While Banus’s explanation might not click with viewers instantly, a more thorough exploration of his oeuvre may lead one to find traces of an Impressionism of sorts. The key difference between the artist and the older greats is this: while the Impressionists sought to build a sense order through their strokes, Banus is actively subverting it. His work feels like a series of explosions, each barely contained and coming together to detonate a piece in place.
The artist chooses to remain cryptic when discussing the origin and growth of his technique. He tells STIR, “Most of my techniques have been acquired through the years. Some are self-taught, some learned from others, and some have been discovered purely by accident. Ink was the medium that I started with, and is my primary medium. It lends itself perfectly to a fast-paced style.” One can certainly imagine the artist throwing splotches and splatters of ink onto his sheet, only to have faces form and scowl at him; foreboding certainly, but filled with a strange allure, inviting him into their world as he creates it. There resides a certain innocence within Banus’s work, further past the frantic and bizarre hysteria of his explosive gestures. It can be found in the artist’s innate fascination with mark-making, that both children and seasoned practitioners who are looking to shed the dogma of formal training sometimes show within their work. It is quite simply, the human need to scribble away and see what comes of it. The artist acknowledges this, and says, “Mark making is one of my primary interests when it comes to drawing and painting. It keeps the journey interesting.”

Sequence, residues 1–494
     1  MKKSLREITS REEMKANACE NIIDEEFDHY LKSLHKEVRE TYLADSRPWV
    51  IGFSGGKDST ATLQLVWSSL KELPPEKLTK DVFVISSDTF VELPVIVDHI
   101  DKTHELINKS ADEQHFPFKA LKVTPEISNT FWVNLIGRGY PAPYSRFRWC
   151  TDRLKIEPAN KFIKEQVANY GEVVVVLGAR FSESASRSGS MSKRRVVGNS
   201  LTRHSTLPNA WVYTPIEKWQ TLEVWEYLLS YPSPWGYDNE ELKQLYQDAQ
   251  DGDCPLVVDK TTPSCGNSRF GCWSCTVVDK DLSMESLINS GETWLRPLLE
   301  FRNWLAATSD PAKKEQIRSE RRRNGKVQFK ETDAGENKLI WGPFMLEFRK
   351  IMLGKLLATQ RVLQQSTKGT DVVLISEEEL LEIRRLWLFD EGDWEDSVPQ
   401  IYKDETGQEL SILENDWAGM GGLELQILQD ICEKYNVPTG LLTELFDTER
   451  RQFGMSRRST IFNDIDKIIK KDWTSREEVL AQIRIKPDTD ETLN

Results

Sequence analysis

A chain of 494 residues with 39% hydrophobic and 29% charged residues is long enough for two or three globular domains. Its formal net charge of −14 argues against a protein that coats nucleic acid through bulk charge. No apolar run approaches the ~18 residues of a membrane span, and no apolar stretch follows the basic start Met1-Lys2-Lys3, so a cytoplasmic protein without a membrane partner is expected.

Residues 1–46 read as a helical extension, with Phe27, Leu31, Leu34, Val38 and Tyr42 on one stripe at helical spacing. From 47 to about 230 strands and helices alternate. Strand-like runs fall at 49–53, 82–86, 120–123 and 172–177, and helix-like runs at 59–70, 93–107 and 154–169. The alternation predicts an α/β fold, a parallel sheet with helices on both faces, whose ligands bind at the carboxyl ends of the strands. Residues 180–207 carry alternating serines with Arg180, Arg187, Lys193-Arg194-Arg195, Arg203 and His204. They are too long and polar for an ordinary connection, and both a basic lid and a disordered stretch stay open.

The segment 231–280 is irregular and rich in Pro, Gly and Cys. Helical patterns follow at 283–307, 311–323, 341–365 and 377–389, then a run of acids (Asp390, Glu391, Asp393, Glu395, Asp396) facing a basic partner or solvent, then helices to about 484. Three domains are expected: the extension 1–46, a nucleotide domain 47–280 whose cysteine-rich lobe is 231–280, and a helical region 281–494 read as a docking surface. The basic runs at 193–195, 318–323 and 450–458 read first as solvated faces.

The artist mentions that he moved around a lot growing up, and that he believes this has influenced his outlook on life. Leading a transient lifestyle often lends one to become something of a people-watcher. This brings us right back to Steadman, as he too studied the denizens of bars and pubs, exaggerating their gestures and mannerisms to comical degrees. In this regard, Banus takes things much further, deftly blending his actors with the worlds they inhabit. In fact, it may be very interesting to see the artist extract more detail out of his scenes, or play with radically varying levels of chaos within his work. Some of his pieces hint at the possibility of the artist exploring this direction, with one in particular feeling especially affecting: Banus’s actor sits hunched before a laptop in a manner so extreme, he seems painfully contorted. What really deepens this work’s impact is the fact that viewers can make out the contours of the human figure, prompting them to wonder if a person could really end up looking like that from too much time spent working at a terminal. Or more worryingly, if they might look like that. It makes the artist’s work uncomfortably relatable, and even more intriguing as a result. While we explore Luis Perez-Banus’s work he leaves us with these cryptic yet heart-warming words, “Life can be harsh, but it can also be beautiful, so stick around.”